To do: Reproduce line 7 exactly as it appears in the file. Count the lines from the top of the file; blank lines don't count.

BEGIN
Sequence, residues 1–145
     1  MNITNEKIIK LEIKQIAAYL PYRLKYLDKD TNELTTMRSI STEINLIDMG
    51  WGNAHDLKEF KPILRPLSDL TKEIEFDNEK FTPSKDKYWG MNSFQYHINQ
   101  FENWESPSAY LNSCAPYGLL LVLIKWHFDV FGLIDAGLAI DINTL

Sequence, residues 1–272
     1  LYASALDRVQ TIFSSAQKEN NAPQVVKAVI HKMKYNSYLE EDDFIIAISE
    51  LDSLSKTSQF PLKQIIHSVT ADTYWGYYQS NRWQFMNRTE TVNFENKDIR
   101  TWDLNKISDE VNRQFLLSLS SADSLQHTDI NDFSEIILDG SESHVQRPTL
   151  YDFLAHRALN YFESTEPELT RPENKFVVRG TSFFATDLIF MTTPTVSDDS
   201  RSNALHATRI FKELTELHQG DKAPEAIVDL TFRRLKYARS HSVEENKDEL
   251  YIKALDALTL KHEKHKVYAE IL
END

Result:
    51  LDSLSKTSQF PLKQIIHSVT ADTYWGYYQS NRWQFMNRTE TVNFENKDIR